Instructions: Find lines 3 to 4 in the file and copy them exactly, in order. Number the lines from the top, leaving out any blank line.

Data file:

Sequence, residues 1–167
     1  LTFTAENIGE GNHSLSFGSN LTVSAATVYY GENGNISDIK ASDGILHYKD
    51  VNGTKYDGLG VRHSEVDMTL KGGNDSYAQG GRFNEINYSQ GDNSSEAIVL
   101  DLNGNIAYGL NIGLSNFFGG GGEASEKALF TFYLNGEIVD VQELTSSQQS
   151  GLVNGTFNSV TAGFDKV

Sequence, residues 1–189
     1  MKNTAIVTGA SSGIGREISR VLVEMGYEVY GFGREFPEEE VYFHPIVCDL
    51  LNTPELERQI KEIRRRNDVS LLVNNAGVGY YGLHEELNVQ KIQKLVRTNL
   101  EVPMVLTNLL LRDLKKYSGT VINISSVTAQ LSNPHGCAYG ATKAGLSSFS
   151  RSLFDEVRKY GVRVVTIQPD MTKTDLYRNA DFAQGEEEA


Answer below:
    51  VNGTKYDGLG VRHSEVDMTL KGGNDSYAQG GRFNEINYSQ GDNSSEAIVL
   101  DLNGNIAYGL NIGLSNFFGG GGEASEKALF TFYLNGEIVD VQELTSSQQS